Elmos Semiconductor AG (ETR:ELG) Is Employing Capital Very Effectively

Today we are going to look at Elmos Semiconductor AG (ETR:ELG) to see whether it might be an attractive investment prospect. In particular, we’ll consider its Return On Capital Employed (ROCE), as that can give us insight into how profitably the company is able to employ capital in its business.

First of all, we’ll work out how to calculate ROCE. Then we’ll compare its ROCE to similar companies. Last but not least, we’ll look at what impact its current liabilities have on its ROCE.

Return On Capital Employed (ROCE): What is it?

ROCE measures the amount of pre-tax profits a company can generate from the capital employed in its business. Generally speaking a higher ROCE is better. Ultimately, it is a useful but imperfect metric. Renowned investment researcher Michael Mauboussin has suggested that a high ROCE can indicate that ‘one dollar invested in the company generates value of more than one dollar’.

How Do You Calculate Return On Capital Employed?

The formula for calculating the return on capital employed is:

Return on Capital Employed = Earnings Before Interest and Tax (EBIT) ÷ (Total Assets – Current Liabilities)

Or for Elmos Semiconductor:

0.17 = €55m ÷ (€380m – €48m) (Based on the trailing twelve months to June 2019.)

Therefore, Elmos Semiconductor has an ROCE of 17%.

Check out our latest analysis for Elmos Semiconductor

Is Elmos Semiconductor’s ROCE Good?

When making comparisons between similar businesses, investors may find ROCE useful. In our analysis, Elmos Semiconductor’s ROCE is meaningfully higher than the 11% average in the Semiconductor industry. We consider this a positive sign, because it suggests it uses capital more efficiently than similar companies. Separate from Elmos Semiconductor’s performance relative to its industry, its ROCE in absolute terms looks satisfactory, and it may be worth researching in more depth.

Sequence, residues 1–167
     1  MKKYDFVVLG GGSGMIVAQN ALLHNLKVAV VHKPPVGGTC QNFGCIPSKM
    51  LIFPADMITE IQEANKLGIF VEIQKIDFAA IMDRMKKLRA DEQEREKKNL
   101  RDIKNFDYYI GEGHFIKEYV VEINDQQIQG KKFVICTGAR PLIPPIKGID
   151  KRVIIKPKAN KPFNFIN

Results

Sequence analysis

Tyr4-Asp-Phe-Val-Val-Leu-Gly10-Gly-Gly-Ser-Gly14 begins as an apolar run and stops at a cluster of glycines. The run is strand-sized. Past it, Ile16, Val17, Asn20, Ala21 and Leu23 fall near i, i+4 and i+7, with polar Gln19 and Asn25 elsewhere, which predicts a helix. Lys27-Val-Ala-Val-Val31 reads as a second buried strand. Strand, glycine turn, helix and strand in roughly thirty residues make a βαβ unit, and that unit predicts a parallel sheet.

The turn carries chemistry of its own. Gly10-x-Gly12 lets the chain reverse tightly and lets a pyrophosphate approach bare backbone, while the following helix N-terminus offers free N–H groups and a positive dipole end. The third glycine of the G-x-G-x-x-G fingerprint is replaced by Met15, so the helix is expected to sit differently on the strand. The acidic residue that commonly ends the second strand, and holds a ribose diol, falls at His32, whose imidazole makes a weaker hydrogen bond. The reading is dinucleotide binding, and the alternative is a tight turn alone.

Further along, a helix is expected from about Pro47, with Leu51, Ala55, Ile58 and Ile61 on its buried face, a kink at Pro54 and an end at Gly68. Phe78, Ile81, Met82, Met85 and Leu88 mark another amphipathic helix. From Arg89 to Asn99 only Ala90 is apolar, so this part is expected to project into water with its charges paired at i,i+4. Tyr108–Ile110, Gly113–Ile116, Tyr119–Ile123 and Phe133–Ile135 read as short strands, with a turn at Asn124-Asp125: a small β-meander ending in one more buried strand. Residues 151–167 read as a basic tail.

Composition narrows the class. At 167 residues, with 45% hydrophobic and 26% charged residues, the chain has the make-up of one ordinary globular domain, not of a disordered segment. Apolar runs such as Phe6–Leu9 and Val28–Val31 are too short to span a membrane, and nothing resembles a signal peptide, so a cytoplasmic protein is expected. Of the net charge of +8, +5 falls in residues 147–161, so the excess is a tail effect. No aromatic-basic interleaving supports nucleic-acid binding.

In our analysis, Elmos Semiconductor’s ROCE appears to be 17%, compared to 3 years ago, when its ROCE was 7.1%. This makes us think the business might be improving. The image below shows how Elmos Semiconductor’s ROCE compares to its industry, and you can click it to see more detail on its past growth.

XTRA:ELG Past Revenue and Net Income, October 21st 2019
XTRA:ELG Past Revenue and Net Income, October 21st 2019

It is important to remember that ROCE shows past performance, and is not necessarily predictive. Companies in cyclical industries can be difficult to understand using ROCE, as returns typically look high during boom times, and low during busts. ROCE is only a point-in-time measure. Since the future is so important for investors, you should check out our free report on analyst forecasts for Elmos Semiconductor.

How Elmos Semiconductor’s Current Liabilities Impact Its ROCE

Current liabilities are short term bills and invoices that need to be paid in 12 months or less. Due to the way the ROCE equation works, having large bills due in the near term can make it look as though a company has less capital employed, and thus a higher ROCE than usual. To check the impact of this, we calculate if a company has high current liabilities relative to its total assets.

Elmos Semiconductor has total assets of €380m and current liabilities of €48m. Therefore its current liabilities are equivalent to approximately 13% of its total assets. Low current liabilities are not boosting the ROCE too much.

What We Can Learn From Elmos Semiconductor’s ROCE

With that in mind, Elmos Semiconductor’s ROCE appears pretty good. Elmos Semiconductor looks strong on this analysis, but there are plenty of other companies that could be a good opportunity . Here is a free list of companies growing earnings rapidly.

For those who like to find winning investments this free list of growing companies with recent insider purchasing, could be just the ticket.

We aim to bring you long-term focused research analysis driven by fundamental data. Note that our analysis may not factor in the latest price-sensitive company announcements or qualitative material.

If you spot an error that warrants correction, please contact the editor at editorial-team@simplywallst.com. This article by Simply Wall St is general in nature. It does not constitute a recommendation to buy or sell any stock, and does not take account of your objectives, or your financial situation. Simply Wall St has no position in the stocks mentioned. Thank you for reading.